In September last year, Harvey took his pride and joy across to Toranafest, in Maitland New South Wales. His vehicle was on display with 354 other Toranas and he jokingly admits that he won the award for the “Longest Distance Travelled”. On the day before the show he met with many members of Brock’s racing team as well as some of his family who signed the glove box for him. These included Jim Richards, Brock’s co-driver, Joe Felice, the Manager at HDT at the time, Ian Tate the mechanic, Bev Brock and her son James Brock. Steve was also honoured to have Bev Brock accompany him on a car cruise on the day.
Following this event he headed to Bathurst and along with 20 other classic muscle cars, drove a parade lap on Saturday afternoon before the main event started on the Sunday. Harvey said this was a “tribute to the race drivers of the day and shows people that these cars are still out and about”.
"SIX LAPS" is the rear car in this photo taken at Bathurst in 2015
Harvey is bringing his tribute car to the Brookton Old Time Motor Show on 19 March. This year the show theme is All Things Aussie, with a feature display celebrating the upcoming 50 years of the Holden Torana. The Toranas along with other classic vehicles and machines will be on display but they will also fire up twice throughout the day in order to participate in the grand parade.
Money raised from the sale of any of the above mentioned items will go directly to funding the Brookton Old Time Motor Show on the 19th March 2016
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Thank you for your support.
When you visit the Brookton Old Time Motor Show, not only are you guaranteed of a great family day out, you are also helping over 40 local community organisations.
How does it work?
The show operates on the day thanks to hundreds of volunteers undertaking a range of different tasks from catering to manning the gates. All of the volunteers record the hours they have worked and nominate a community group they would like to support. After the show, an hourly rate is determined by the committee, along with the volunteer hours payments are then calculated and distributed to the local community groups.
Who are the main beneficiaries?
The volunteer community groups that were the top 10 beneficiaries from the last Brookton Old Time Motor Show were:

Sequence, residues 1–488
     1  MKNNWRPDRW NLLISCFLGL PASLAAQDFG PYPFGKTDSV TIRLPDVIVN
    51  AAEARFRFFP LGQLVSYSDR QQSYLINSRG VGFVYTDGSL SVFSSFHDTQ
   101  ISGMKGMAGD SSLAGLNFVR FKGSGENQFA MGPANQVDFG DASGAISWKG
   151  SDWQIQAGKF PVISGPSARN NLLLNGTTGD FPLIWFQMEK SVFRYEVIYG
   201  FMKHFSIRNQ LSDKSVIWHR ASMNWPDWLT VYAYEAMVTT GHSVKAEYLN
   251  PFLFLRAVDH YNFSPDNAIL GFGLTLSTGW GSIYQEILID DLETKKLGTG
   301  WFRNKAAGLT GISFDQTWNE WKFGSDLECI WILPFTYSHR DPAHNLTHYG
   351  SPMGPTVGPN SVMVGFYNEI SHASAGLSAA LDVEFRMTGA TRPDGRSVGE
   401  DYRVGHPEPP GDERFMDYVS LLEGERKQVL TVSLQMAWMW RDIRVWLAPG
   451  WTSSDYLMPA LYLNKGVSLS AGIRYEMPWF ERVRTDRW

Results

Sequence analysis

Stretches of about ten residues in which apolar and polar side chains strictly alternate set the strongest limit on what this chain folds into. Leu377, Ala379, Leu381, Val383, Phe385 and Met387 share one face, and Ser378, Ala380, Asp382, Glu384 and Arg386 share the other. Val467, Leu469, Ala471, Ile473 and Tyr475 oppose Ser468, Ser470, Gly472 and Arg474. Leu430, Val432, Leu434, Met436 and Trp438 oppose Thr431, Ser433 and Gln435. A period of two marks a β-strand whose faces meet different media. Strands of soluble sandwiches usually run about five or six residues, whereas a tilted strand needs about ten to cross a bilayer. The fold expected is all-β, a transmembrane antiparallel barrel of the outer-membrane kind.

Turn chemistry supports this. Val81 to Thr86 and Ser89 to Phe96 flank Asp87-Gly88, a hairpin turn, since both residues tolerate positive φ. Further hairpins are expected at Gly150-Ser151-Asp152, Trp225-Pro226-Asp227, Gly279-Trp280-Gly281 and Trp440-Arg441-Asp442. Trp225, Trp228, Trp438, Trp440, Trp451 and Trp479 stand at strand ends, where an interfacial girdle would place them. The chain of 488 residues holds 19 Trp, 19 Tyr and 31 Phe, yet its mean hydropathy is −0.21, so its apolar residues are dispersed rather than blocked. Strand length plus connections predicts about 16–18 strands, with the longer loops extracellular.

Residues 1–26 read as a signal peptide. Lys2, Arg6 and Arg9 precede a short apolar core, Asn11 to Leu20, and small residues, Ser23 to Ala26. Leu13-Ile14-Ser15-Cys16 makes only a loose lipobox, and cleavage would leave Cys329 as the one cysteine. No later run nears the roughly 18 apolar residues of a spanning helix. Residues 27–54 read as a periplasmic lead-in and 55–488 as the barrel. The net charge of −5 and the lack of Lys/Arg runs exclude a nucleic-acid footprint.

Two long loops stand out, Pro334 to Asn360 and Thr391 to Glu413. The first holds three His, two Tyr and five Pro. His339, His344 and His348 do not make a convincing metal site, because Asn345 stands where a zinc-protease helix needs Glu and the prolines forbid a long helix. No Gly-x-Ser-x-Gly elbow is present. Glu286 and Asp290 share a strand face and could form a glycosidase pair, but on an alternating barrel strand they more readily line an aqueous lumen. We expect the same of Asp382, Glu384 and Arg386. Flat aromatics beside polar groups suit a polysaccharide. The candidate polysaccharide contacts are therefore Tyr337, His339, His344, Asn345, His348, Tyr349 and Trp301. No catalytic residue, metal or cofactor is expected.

What do they do with the money?
These funds are used for the following:
How would these organisations manage without these funds?
Most of the community organisations that benefit from funds from the Brookton Old Time Motor Show would not be able to operate without sourcing these funds elsewhere .
We can only assume that we would go back to the days before the Brookton Old Time Motor show when there was a street/cake stall in the main street nearly every week.
Alternatively vital services would cease to exist or would operate with substandard equipment and facilities.
Your support for the Brookton Old Time Motor Show is very much appreciated by local and surrounding communities. We hope you come along to the next show on the 19th March 2016 and have a fantastic time and at the same time support over 40 volunteer, community groups.
The next Brookton Old Time Motor Show will be held on the 19th March 2016 and as with past shows, we aim to have something to keep the whole family entertained all day.
At the show there will be a large market style marquee for stalls selling local produce, crafts, jams, clothing and giftware as well as local displays of interest to families.
Registrations are now open for businesses and local community groups wishing to secure a site in the Countryman Family Interest Tent.
The show is a community event and the committee with the assistance of local volunteers undertake all the catering arrangements. Hence, independent food vans are generally not required and we request that applications are restricted to market style stall holders wishing to book a site in the Countryman Family Interest Tent.
Please click on the following button further details and an application form.